Instead, Capcom reached our to Jarbo to tell him that they liked his personal spin on the company's flagship franchise and wanted to interview him for the Capcom Unity blog.
This was a big win for Jarbo, who could now rest easy that his creative output would remain accessible to the masses. But it still wasn't technically licensed. That came later later when a friend of his in the film industry wanted to use one of his Mega Ran songs in the end credits of the movie Second Skin. When he asked if Jarbo owned the rights to the music, the rapper told him that he didn't. "So he's like 'well you've got to go get a license from Capcom.' And I'm like 'I don't know anything about that. That sounds really scary and legal," Jarbo recalls.
Thankfully, this smooth-talking friend somehow made it happen. "The next day I get an email from Capcom saying 'you are now officially licensed to create music using Capcom samples,'" he says. "If it was me it would have probably failed instantly."
The Mega Ran album went on to launch Jarbo's career in music. He even released a sequel album entitled Mega Ran 9 to coincide with the release of Mega Man 9. Yet, despite this, Jarbo doesn't go around seeking licensed deals. "People may look at me as Capcom's rapper and not want to license me," he says. "I guess I wouldn't necessarily like to be licensed. I just think it's a cool story to be able to tell people 'I was the first rapper to be licensed by Capcom.'"
While Jarbo was fortunate in his musical endeavours, he's known others who have used copyrighted samples with less fortunate results. "I've learned that it's always better to contact the companies. Any time you're using anybody else's material you should be aware and ready for the possibility that they could sue you," he says.
"But you said you were glad that you didn't check," I tell him. "So which is it?"
"I don't think they should, honestly," he laughs. "I say just put it out on the internet - don't sell it, don't try to make money from it - but I would say put it out. Make sure it's really good though, so when they do hear it, they're like 'oh wow. This is really cool!"
"That's just my opinion. This is not legal advice in any way."
These days Jarbo makes a full-time living as a musician, though it's not all about video games. He released an autobiographical album called Language Arts in 2012 (he was a language arts teacher, you see), and his upcoming album, Random, features no video game covers, though it will include a lot of original chiptune compositions.
"It takes a lot more work to come up with a catchy song that people are going to like that doesn't involve a game that sold 5 million copies. So I definitely think I put more time into original stuff," he says. "The impression might be that I just create video game stuff because people like it, but that's not true. I create it because I like it."
The professional fan
Reid Young, co-founder of Fangamer, had his life forever changed when he played Earthbound, though he didn't know it at the time. In his teen years he started the Earthbound fansite Starmen.net, an act that inadvertently led to him meeting his life-long friends, co-workers, and even wife.
"Earthbound provided an excuse for us to get together and hang out and work on projects," he tells me over Skype.
One of these projects was the Mother 3 handbook, a guide to Shigesato Itoi's Japan-only sequel to Earthbound. Young and his cohorts at Starmen.net had previously taken it upon themselves to release an English language patch that finally allowed the western world to play Mother 3. But, as with Earthbound, and it almost demands a player guide - something the original Earthbound was accompanied by.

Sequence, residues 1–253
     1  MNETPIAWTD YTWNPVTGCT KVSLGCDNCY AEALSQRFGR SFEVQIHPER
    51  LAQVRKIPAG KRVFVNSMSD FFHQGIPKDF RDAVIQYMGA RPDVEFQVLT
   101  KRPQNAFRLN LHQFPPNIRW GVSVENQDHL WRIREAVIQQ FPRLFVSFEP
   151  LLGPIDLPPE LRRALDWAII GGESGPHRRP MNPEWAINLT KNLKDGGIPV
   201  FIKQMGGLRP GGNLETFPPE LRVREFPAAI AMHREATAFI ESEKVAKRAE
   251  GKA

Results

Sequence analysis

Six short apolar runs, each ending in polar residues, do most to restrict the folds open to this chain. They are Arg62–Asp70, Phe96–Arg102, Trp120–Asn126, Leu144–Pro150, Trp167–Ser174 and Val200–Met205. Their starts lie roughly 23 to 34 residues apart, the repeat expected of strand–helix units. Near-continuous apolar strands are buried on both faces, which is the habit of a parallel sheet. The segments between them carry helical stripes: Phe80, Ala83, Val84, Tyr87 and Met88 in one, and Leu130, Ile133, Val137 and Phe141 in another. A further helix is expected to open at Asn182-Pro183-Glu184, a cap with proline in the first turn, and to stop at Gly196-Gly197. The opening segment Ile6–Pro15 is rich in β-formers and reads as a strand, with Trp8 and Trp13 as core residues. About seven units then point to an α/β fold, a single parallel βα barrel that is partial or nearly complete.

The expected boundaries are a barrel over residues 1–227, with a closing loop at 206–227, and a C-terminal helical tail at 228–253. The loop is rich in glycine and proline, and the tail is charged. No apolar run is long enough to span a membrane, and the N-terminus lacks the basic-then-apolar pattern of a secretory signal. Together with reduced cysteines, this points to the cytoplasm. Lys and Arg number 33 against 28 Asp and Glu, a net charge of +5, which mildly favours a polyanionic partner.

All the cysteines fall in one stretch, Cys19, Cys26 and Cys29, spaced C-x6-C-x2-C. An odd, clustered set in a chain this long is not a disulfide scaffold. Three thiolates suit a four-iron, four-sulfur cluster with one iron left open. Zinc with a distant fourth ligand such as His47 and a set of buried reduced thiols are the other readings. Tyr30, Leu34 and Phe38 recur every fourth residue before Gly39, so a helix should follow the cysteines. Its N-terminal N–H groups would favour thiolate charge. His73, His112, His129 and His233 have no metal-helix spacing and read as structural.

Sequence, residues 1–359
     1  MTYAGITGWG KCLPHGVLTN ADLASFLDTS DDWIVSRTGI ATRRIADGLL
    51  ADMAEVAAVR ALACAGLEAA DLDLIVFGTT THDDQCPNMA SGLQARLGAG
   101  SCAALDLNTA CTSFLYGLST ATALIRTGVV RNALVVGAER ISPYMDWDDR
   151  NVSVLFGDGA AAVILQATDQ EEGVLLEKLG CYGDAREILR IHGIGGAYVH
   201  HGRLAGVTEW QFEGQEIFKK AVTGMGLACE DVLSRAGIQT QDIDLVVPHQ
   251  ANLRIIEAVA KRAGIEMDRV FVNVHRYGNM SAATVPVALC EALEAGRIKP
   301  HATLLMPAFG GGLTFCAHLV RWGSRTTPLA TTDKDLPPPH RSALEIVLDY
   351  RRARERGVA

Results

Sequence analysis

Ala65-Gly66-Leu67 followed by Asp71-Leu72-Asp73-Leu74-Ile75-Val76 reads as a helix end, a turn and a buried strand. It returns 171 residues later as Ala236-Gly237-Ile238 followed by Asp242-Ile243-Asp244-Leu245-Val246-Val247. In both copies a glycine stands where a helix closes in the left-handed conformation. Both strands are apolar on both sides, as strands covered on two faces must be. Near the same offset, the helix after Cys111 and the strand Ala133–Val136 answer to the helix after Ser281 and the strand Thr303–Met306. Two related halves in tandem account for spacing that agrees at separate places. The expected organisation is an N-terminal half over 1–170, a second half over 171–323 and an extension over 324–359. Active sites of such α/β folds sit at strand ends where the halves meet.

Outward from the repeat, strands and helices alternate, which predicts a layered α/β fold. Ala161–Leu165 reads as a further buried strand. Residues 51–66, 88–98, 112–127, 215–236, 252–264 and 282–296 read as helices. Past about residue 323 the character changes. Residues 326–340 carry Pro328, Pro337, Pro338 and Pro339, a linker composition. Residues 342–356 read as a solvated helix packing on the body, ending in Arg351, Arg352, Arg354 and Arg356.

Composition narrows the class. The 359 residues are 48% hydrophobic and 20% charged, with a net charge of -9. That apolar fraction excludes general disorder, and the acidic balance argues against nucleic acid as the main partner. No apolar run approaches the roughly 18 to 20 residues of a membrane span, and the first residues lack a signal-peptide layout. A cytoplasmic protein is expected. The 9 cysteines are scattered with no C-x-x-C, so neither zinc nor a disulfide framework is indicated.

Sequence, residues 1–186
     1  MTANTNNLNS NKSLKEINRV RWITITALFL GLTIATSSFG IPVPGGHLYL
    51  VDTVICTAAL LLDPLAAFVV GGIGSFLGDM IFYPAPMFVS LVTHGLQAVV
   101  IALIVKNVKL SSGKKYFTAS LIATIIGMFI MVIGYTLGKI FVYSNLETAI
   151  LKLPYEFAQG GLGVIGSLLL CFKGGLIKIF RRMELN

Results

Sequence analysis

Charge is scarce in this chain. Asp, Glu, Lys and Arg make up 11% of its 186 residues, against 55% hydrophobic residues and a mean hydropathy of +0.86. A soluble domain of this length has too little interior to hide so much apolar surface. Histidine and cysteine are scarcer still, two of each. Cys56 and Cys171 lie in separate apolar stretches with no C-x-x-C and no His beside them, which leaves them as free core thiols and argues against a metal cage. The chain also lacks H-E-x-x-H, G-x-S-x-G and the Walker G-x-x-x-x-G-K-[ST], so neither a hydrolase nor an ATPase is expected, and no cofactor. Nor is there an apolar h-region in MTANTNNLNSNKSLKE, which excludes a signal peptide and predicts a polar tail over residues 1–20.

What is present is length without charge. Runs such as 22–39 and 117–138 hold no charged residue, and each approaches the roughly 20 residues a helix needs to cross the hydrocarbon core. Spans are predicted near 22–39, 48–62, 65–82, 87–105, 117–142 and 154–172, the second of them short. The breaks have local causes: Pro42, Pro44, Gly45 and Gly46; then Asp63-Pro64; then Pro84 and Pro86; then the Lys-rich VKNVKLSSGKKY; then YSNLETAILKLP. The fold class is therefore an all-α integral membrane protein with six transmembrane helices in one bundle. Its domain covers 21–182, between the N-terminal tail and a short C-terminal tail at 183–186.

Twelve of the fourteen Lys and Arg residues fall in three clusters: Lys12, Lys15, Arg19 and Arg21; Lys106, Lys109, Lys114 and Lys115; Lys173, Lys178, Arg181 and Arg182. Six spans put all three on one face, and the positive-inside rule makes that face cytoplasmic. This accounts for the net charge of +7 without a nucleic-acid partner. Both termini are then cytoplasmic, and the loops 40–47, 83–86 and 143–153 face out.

"We wanted to give people playing the game in English for the first time the same experience that we had playing Earthbound as kids," Young tells me. It was upon researching this that Young came upon a remarkable discovery: creating a game guide doesn't infringe upon any copyright laws. "We found that a small number of company - mostly just one - had kind of cornered the market and had been given exclusivity in terms of creating guides. And after a bit more research we found that it's not that guides are illegal, it's just that nobody's doing them.
This handbook to an already niche game ended up being unexpectedly popular - so much so that it launched Young's career running Fangamer, an online store selling both licensed and unlicensed video game paraphernalia. This may sound fishy, but Young and company have a strict policy about never using trademarked material.
"We never take something directly from a game. We always try to evoke the spirit of that thing," Young explains. For example, one of Fangamer's earliest Earthbound T-shirts used visuals from the PSI Rockin attack. "One of our first shirts was a design that has all these crazy shapes springing from a small character's hand and it fills up the entire side of the shirt. It's not directly from the game, but fans of the game will almost instantly recognise it. That's what we've always gone for."
"We would never use copyrighted names, titles, logos, whatever. So if we make a shirt inspired by Mega Man, for example, we would never say 'Mega Man' in the description or the title because it isn't [ours]."
"We wouldn't want to profit off of that name," he adds. "We want people to come here and find it because they're fans of video games and they just happen to come here and find Mega Man. We don't want to come up at the top of a search for Mega Man t-shirts, as that's kind of slimy."
In all this time Fangamer has never once received a cease & desist notice, though it was slapped with a takedown order once due to a weird technicality where a user review on the site mentioned a franchise a shirt was evoking. But even this snafu was swiftly resolved by implementing a new comments policy.
Occasionally Fangamer sells licensed material, too. After producing the Kickstarter backer rewards for the documentary Mojang: The Story of Minecraft, the company started getting more offers from small developers to create official merchandise for them. Now you can buy licensed t-shirts for Retro City Rampage and Octodad from this once rogue studio.
Young isn't worried about selling out though. "We've always had an internal code: we try not to do merchandise for games that have their own merchandise," he tell me.